Clearing Up The Myths Surrounding Attribution: AOL’s Nikki Retallick

Clearing Up The Myths Surrounding Attribution: AOL’s Nikki Retallick

Attribution is a mystical topic everyone seems to have an opinion on these days. In this guest post by Nikki Retallick, Head of Data and Attribution APAC, AOL, she dives deep and tries to clear the fog surrounding attribution.

Karen Terranova
Posted by Karen Terranova

Whilst attending a marketing conference recently, I was asked what I thought the biggest hurdles around attribution are. I didn’t even have to pause for breath before I replied ‘perception and education’.

Along with the phrases ‘big data’ and ‘programmatic’ that came before it, attribution means so many different things to different people, ranging from simple measurement and assigning credit retrospectively, right through to the more sophisticated optimisation and scenario planning capability.

So, in an effort to debunk some myths, raise awareness and generally change perceptions, here’s my take on what brands, marketers and their media agencies should be aware of when it comes to the ‘A’ word:

Finding the needle in a haystack

One of the biggest challenges for businesses today is battling with too many disparate tools and platforms, resulting in different data streams that don’t necessarily relate to one another. In an effort to make sense of all this data, we often lose sight of the key business questions we’re actually trying to address.

Therefore having a single source of truth from accurate customer pathing across every channel, both digital and otherwise, helps brands start to understand their customer and put them front and centre. Your customers don’t think in marketing channels, so neither should you.

Choose an approach or solution that will help unify your marketing, rather than treating digital and offline separately.

Making a difference

Successful attribution has to be timely – a daily insight is the standard to aim for. The data you yield also needs to be actionable – creating confidence in the form of “if I do X, I can expect Y outcome”.

A good sanity check is this: if you think you are doing attribution, but you’re not doing anything differently off the back of it, then you are not doing it properly. Within six months of being up and running, you should be starting to see some significant improvements.

My data’s bigger than yours

Data quality is everything so have a close look at your customer data, what shape it’s in and any limitations or black holes in collection and/or ownership. If your business has a physical store component, how much detailed information are you currently collecting around footfall and sales?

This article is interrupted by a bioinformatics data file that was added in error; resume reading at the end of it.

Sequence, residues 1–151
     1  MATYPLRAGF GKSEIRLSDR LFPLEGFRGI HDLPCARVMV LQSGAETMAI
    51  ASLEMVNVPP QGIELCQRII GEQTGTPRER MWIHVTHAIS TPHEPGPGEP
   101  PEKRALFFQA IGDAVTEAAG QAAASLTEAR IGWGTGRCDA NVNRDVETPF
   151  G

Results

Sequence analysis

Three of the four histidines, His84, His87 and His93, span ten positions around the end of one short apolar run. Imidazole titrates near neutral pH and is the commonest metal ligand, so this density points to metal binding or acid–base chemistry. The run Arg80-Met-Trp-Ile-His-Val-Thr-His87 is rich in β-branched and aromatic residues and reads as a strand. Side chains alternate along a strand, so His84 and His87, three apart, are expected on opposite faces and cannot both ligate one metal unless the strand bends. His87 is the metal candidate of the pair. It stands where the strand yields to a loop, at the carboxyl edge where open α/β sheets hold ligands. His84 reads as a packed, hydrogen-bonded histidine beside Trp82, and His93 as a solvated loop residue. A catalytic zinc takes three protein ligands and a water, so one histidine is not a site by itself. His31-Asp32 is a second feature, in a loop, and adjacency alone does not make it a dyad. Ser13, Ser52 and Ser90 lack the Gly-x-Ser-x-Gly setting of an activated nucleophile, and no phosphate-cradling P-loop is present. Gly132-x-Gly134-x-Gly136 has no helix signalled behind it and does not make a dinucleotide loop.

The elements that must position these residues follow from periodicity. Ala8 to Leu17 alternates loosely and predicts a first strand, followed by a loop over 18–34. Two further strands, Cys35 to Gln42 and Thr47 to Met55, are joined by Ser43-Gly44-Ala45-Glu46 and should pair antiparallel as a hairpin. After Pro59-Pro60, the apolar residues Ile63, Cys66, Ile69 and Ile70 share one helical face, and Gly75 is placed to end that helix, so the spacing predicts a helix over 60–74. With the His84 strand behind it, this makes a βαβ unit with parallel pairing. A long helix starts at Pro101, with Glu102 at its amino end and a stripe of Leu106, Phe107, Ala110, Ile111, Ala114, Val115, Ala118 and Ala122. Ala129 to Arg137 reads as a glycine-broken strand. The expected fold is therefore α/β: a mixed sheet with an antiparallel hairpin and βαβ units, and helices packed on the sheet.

If a third-party retailer is involved in your sales process, are they giving you adequate access to your customer data?

Don’t chuck it in the too hard box

If this were easy, you’d already be doing it. We are all consumers and we know the way we browse and buy things now and what influences our decisions is becoming ever more complex. But rather than giving up before you even get started or expecting to go from a last click approach to perfection, treat attribution as a journey rather than a destination.

The most important thing is to know where you’re going, understand how you’re going to get there and to get started. Once you’re ready to invest in marketing technology, look for a solution that is going to constantly learn, adapt and evolve over time.

Beware of solutions that can only measure digital activity – consumers are more complex than this.

Don’t pass the buck

Understanding your customer and having the ability to have a significant, positive impact on your bottom line should be everyone in your organisation’s priority. Understand who has the most ownership and accountability in these areas and ensure you work together as a team to adopt best practice.

Get your C-Suite involved and invested so you have the time and support you need to set up for success. Now is a great time to look at people, tools and processes – even small adjustments can reap huge rewards further down the line.

Ensure you’re all aligned to the same big picture goals, which ultimately should be closely related to revenue and profitability. Right?

Take control but expect help, support and learning

The service and support from your solutions provider is everything – look for providers who have local teams on the ground and can be close enough to your business to function as an extension to your marketing team.

Make sure they’re doing the heavy lifting but still empowering your team to gain more confidence in this area over time. Don’t give in to fear and pass it over to your media agency to handle – absolutely work together with them on it but this is your business and you’re the ones accountable for its success or otherwise.

How much is all of this going to cost?

It depends on the size and scope of your business and whether you take a staged approach (highly advisable) or go in all guns blazing. However much you spend though, it should be viewed as a wise investment rather than a hard cost to the business.

The amount of companies who spend up to $10 million or more each year on marketing, with full knowledge they can’t measure it properly, but balk at the idea of spending three to five per cent of this figuring out how to make every dollar spent work its hardest is astounding. Expect a return, that’s why you’re doing it!

Proper marketing measurement is a necessity rather than a luxury in the post-digital age. If you don’t have an in-depth knowledge of your customer journey, giving you the ability to optimise messaging and placement in real time, you can guarantee your competitors will leave your brand in the dust.

Doing nothing is no longer an option. Now is most definitely the time so get started and enjoy the journey.